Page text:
Creative LeadershipStrategy & Marketing

Why Teams Rarely Rise Beyond the Level of the Leader

Leaders: If you’re frustrated at the level of your team or vendor’s performance, then look no further than the mirror.  Only in vary rare cases will a team perform better than the level of their leader.  Why?  Because it’s the leader who sets the boundaries, deadlines, and guidelines. It’s the leader who creates the culture, and sets expectations. As a result, no matter how gifted or creative a team is, if the leader is incompetent, insecure, or inexperienced, the team can only work within that framework.

A number of years ago, I had a client who “led by threat.” She had no idea how to inspire her team or vendors. Every instruction came as a threat: “If you can’t do this, we’ll find someone who can.”  We had no incentive to rise to the occasion, since all we ever heard was how unhappy she was.  She constantly felt the need to remind everyone that she was in charge.  Plus, her expectations, deadlines, and parameters for projects were ridiculous. Whatever we recommended, she was convinced she knew better. To say the least, it’s was a difficult situation.

If an employee, team member, or vendor isn’t performing well, then a good leader fixes the problem – either by working with them or cutting them loose. Either way, he or she does it quickly so it doesn’t fester or create bigger problems.

So – if you’re constantly frustrated, yelling, or angry with your team, the odds are, it’s not their fault. Chances are, it’s the limitations you’re putting on their work. Set them free from your unrealistic expectations and insecurities, and watch them fly.

Have you ever been on a team with limited leader?

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4 Comments

  1. Yes. A man who consistently asked my Beautiful Bride and me to do different projects and then came back a week later and told me I was doing them wrong when I did exactly what he wanted me to in the first place.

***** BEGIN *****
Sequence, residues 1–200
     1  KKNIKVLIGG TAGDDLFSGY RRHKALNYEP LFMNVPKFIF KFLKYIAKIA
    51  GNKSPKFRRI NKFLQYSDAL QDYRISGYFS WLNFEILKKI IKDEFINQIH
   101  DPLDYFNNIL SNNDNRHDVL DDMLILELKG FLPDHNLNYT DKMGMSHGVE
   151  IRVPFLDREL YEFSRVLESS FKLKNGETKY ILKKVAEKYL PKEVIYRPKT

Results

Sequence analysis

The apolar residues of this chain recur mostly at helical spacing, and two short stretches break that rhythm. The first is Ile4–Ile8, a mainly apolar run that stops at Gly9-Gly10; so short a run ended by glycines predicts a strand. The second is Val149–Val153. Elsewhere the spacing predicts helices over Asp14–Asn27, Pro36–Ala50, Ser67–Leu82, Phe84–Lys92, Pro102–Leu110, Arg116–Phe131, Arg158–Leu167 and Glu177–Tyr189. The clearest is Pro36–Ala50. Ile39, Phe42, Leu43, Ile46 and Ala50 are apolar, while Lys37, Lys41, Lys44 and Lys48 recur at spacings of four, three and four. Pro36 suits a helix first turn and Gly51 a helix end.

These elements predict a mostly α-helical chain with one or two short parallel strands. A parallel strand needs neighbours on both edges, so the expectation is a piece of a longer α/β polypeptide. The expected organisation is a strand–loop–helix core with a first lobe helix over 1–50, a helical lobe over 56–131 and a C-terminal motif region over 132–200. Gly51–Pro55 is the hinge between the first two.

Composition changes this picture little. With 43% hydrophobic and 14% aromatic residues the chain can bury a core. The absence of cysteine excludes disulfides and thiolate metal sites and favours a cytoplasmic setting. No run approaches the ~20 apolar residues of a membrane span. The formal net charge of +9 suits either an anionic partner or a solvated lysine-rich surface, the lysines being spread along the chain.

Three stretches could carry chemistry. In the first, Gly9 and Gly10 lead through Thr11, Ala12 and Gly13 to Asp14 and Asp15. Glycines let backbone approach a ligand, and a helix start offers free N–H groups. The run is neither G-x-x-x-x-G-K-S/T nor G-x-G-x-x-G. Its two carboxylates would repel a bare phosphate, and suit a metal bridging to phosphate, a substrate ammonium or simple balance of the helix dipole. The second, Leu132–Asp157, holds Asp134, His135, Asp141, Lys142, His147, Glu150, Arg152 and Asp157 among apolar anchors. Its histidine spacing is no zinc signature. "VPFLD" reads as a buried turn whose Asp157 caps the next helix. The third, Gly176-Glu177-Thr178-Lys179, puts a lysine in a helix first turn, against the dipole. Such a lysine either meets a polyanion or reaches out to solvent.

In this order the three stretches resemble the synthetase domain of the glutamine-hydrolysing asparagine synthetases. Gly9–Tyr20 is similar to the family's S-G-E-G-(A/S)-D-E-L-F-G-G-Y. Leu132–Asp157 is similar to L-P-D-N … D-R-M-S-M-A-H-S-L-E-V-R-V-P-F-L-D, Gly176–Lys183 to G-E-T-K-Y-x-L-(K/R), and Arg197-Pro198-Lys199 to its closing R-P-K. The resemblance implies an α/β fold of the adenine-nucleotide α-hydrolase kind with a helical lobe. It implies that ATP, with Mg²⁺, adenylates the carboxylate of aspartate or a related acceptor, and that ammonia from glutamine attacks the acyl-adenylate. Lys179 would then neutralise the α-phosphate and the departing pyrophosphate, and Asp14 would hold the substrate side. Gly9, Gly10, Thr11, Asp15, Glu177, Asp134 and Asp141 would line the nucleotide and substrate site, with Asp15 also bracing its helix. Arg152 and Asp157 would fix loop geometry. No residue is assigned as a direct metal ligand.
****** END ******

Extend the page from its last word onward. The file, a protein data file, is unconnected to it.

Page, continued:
I reported all of the specific, measurable and observable behavior to the main leader (at his request) on a paper and faxed it to him. I thought they would discipline him.

    Two weeks later were forced to leave by them. They treated us like criminals. When a counselor from the unemployment office heard my story she asked how we could have possibly worked for this guy. I told her that we did the best we could with his confusing, unrealistic expectations.

    She granted full unemployment benefits for my Beautiful Bride and me. During the next six months we were blessed with more money from unemployment benefits than working for him.

    Insecure people feel intimidated and threatened with people who are confident and assertive with excellent behavior and performance!

  2. I definitely had this experience.

    I worked on a team with some very qualified and gifted web engineers working for a startup with a great product. The boss ignored every estimate of time, always stating that “if you put your mind to it, you can do it by ___”. As the overzealous deadlines drew nearer, his blood would slowly boil as desired progress wasn’t seen. If a team member tried to explain that the expected progress simply wasn’t possible and why, they were accused of “hedging” or “being defensive”.

    As a result, almost every client deadline was missed, and the ones that were made had large amounts of product defects, because everyone was cramming so hard just to get it out the door, since the boss wouldn’t take no for an answer.

    This, of course caused the boss to lose confidence in the team because everything they put out had an unusual amount of defects. The snowball grew as the product suffered and grew more unstable due to team members being forced to put in “quick fixes” just to please the boss.

    Of course, the boss was the one who lost more than anyone else as talent moved on to kinder waters and clients lost confidence in the company.

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